I have a vague memory, but I think I vaguely remember Churchill’s funeral in the 1960’s. I have a memory of that national event, and I think that’s my memory. As you grow up, you remember Prince Charles becoming the Prince of Wales, and through your life, you meet them. You meet most of them, and again, I had never immersed myself until we started doing the play and that became the point of interest. It seems so great that you can have the opportunity of exploring not just them but this family under incredible pressure that never expected to become the Royal Family, and a Queen who never expected to become Queen, thrust into this position through the abdication and early death of her father. It’s just an endlessly fascinating subject.
How did you decide that was going to be the point to start the show?
You either start it at the abdication because it hovers over the family like a great neurotic sword. Starting with the wedding seemed like a natural place to start. We spent some time wondering if we should explore the early marriage in Malta, but it felt more interesting of keeping the early death of her father as an early core really of Episodes 1 and 2.
You went straight from Season 1 to 2. How has that been?
I directed two episodes and produced it all. It’s endless, you shoot for over nine months, and it’s a long movie. You just keep going.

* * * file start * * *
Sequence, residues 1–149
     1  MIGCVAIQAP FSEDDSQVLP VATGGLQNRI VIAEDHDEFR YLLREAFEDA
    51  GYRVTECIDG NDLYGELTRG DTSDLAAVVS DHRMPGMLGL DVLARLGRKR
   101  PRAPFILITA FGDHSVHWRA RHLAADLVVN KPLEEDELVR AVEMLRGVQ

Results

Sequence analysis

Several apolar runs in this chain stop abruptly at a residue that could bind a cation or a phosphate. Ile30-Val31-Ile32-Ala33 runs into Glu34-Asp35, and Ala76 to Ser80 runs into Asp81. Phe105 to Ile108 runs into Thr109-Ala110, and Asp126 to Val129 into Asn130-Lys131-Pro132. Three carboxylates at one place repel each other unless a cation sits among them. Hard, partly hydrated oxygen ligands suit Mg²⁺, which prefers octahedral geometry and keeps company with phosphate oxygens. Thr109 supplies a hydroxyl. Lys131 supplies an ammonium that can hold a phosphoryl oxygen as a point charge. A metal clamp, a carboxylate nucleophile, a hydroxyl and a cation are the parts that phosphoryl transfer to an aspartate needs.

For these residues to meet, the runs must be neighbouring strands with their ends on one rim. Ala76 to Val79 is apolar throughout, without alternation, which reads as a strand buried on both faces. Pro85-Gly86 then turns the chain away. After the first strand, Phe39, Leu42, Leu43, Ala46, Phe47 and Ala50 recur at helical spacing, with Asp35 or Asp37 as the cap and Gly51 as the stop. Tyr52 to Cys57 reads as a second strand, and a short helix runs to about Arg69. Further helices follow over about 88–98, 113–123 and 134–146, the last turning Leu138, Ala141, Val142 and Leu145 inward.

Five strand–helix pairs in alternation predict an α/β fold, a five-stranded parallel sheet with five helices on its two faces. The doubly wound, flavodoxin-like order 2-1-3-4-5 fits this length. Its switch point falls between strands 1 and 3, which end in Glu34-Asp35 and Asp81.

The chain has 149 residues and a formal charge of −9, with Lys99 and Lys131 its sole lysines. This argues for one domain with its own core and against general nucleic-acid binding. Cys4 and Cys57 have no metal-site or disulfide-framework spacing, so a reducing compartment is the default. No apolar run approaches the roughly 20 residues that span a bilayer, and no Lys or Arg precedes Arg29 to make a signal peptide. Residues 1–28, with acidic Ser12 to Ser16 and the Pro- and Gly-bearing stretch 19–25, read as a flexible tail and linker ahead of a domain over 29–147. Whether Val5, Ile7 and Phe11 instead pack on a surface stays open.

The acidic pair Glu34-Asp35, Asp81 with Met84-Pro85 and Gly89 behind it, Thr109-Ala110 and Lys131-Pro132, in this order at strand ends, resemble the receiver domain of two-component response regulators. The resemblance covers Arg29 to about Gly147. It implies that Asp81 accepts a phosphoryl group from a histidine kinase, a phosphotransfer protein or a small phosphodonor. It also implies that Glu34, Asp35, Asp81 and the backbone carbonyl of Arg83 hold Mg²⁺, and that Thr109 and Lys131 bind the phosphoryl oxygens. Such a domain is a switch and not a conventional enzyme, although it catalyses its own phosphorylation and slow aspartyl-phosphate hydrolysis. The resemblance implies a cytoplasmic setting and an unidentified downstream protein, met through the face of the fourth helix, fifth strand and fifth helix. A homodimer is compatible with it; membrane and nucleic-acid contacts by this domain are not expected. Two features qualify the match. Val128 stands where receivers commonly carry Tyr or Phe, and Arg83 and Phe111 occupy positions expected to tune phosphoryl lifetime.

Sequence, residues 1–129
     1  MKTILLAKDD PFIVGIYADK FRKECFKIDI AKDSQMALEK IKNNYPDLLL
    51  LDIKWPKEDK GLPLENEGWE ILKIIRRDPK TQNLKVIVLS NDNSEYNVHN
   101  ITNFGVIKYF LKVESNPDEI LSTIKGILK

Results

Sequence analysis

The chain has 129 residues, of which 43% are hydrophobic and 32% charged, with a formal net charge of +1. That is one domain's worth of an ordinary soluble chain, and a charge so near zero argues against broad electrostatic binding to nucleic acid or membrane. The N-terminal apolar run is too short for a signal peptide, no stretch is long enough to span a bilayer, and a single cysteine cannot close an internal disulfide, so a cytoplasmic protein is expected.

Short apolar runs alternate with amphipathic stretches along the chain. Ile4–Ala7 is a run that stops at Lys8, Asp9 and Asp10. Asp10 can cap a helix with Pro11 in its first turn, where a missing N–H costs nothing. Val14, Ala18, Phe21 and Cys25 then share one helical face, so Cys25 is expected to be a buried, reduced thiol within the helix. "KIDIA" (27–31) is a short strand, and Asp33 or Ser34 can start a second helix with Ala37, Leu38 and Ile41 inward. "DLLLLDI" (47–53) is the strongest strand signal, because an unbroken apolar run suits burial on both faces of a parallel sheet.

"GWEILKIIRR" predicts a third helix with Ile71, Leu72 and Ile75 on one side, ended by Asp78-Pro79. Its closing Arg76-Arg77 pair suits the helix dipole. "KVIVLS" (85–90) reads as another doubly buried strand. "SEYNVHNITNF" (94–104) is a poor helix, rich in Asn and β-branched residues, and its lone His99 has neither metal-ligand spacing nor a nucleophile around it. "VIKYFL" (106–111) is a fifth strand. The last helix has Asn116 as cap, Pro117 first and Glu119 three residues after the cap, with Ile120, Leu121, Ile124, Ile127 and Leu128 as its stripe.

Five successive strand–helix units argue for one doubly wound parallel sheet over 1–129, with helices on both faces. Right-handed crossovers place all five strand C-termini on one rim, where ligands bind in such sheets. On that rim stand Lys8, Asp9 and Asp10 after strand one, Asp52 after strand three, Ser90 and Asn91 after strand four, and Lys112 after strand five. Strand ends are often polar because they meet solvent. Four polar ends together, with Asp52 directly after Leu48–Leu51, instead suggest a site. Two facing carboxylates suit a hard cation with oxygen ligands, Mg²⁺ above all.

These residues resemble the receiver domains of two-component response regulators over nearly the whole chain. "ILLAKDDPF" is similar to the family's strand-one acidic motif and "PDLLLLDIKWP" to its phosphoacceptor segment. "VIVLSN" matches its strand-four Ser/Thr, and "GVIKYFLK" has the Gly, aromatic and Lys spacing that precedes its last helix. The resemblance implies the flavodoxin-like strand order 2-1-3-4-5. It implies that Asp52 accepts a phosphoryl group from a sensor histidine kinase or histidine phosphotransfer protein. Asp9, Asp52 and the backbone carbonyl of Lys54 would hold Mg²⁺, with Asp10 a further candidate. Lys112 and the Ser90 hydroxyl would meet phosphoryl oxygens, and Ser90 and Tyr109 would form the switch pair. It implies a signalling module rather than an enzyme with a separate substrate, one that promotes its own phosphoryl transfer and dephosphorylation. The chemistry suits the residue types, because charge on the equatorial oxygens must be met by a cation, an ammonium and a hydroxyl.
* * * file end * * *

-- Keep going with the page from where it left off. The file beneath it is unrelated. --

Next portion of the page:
What fascinated you the most about Queen Elizabeth?
It’s her relationship with Downing Street and the relationship with her family. A very complicated marriage to a man that was never an obvious choice as a husband, a difficult sister. She’s uneducated, but yet by the grace of God, she believes she’s there as a divine entity. She is head of the Anglican church. It’s always funny to explain to my kids when they go to church and I tell them that she is the head of the church. She is still officially the head.
Your casting is perfect.
We’d seen Claire in Wolf Hall. I didn’t know her at all, and she came in to audition. I knew straight away. She has this ability to say one thing and think another, play two things at the same time. She’s a very sophisticated actress at the height of her power so we lucked out. We did that with all our actors.